5 ways young journalists can stay motivated, thrive in the newsroom

Dear Young Journalist,

I’m writing this letter to you because I get the feeling you might need some encouragement right now. (Lord knows, we all need some encouragement right now, but let me focus on you for the moment.)

I’m writing to you not as a sage sitting on top of a hill, but as a fellow journalist (firmly ensconced in middle age) who is fighting alongside you in the trenches.

I’m writing to you as someone who cares about you, and who wants you to stay in the business, because you’re going to help us save this thing we call “journalism.”

I realize that this advice runs counter to conventional wisdom. Many of your colleagues are telling you to flee the newsroom while you still have a chance.

Recently, author Malcolm Gladwell told students at Yale University that they shouldn’t try to make their mark via newspapers. “Newspapers are kind of dreary, depressed places,” Gladwell said. “I would go the penniless Web route to get practice. You can enter the mainstream so much quicker there.”

And Roger Ailes, CEO of Fox News, told students at the University of North Carolina not to go into journalism if they want to change the world.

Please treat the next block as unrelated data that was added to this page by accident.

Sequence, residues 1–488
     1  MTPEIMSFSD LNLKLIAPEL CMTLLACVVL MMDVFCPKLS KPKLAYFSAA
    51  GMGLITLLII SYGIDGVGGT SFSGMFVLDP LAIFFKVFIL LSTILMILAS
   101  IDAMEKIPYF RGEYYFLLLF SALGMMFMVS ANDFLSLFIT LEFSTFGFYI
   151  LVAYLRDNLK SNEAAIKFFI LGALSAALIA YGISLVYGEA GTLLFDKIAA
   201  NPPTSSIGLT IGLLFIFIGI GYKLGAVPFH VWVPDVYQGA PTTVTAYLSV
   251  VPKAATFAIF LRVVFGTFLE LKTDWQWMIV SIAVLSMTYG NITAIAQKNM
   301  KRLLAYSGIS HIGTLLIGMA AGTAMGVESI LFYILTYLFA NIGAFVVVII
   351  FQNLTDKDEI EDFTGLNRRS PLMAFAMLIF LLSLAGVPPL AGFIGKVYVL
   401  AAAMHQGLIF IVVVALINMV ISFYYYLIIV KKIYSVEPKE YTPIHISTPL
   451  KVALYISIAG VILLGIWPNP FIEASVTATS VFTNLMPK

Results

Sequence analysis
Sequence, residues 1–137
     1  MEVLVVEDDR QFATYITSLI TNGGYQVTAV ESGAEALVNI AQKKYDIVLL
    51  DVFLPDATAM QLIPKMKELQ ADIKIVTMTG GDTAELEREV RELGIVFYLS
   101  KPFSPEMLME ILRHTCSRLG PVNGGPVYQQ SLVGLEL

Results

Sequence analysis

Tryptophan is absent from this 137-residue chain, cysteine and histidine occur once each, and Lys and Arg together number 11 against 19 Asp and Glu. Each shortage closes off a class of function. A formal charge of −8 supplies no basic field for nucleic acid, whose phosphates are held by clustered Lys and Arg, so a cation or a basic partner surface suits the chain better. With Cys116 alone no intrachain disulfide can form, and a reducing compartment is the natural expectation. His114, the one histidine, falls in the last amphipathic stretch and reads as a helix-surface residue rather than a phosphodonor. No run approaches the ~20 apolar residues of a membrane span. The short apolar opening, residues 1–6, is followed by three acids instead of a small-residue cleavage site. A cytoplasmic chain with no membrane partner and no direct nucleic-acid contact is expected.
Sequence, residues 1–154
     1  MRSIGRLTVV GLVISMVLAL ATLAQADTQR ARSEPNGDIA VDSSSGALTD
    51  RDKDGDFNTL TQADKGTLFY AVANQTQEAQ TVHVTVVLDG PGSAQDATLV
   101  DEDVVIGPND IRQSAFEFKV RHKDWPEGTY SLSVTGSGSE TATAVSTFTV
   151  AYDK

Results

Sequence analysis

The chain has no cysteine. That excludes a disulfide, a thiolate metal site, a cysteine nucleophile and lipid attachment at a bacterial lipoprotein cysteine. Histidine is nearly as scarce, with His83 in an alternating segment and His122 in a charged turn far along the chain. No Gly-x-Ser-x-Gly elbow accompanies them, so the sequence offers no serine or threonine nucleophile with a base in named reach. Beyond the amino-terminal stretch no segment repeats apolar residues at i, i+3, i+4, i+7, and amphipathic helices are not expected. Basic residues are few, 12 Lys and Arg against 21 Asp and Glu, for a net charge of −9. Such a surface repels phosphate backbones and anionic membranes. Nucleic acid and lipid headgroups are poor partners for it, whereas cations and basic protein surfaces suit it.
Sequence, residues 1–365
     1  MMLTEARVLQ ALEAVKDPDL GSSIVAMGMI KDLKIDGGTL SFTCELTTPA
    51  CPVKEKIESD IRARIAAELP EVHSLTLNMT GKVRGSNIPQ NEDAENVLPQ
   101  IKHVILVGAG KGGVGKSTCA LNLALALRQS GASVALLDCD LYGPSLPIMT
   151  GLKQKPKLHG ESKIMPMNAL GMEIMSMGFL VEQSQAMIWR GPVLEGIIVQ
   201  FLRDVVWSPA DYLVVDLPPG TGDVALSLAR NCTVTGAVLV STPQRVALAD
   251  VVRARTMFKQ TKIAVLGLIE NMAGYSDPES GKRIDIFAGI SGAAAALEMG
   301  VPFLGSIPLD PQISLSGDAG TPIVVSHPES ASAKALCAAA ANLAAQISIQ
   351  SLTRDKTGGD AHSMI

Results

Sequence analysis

I’m not going to argue that newspapers aren’t dreary, depressed places. They are — though there’s still a lot of fun going on, too. I’m not going to argue that you shouldn’t work for a Web news organization — though working for one is probably just as hard as in a “legacy” newsroom.

And I’m not going to argue that you should go into journalism if you want to change the world.

Actually, you should go into journalism if you want to save the world.

My point is that you don’t get to choose the time that you’re called upon to be brave and do your best work. Don’t forget: A time of crisis and change is a time of incredible opportunity.

You can accuse me of being delusional (you’re probably right), but I think I’m pretty clear-eyed. Even as I approach my 25th year in this racket, I make mistakes every day. I get frustrated. I lose my cool. I wallow in doubt. I fall down.